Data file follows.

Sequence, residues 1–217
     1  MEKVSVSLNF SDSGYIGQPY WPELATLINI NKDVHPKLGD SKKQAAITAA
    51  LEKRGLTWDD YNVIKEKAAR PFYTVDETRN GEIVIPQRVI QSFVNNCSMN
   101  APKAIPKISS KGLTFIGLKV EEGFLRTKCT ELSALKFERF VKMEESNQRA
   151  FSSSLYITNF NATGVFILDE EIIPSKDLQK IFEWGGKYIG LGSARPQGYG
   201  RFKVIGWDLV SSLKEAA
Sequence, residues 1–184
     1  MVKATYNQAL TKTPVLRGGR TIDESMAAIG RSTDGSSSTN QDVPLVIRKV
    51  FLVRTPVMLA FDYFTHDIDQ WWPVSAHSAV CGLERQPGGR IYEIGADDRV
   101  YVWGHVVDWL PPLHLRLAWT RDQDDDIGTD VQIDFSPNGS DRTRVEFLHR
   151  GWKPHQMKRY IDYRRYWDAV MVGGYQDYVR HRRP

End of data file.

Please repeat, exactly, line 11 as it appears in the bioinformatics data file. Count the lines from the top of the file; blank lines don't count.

   151  GWKPHQMKRY IDYRRYWDAV MVGGYQDYVR HRRP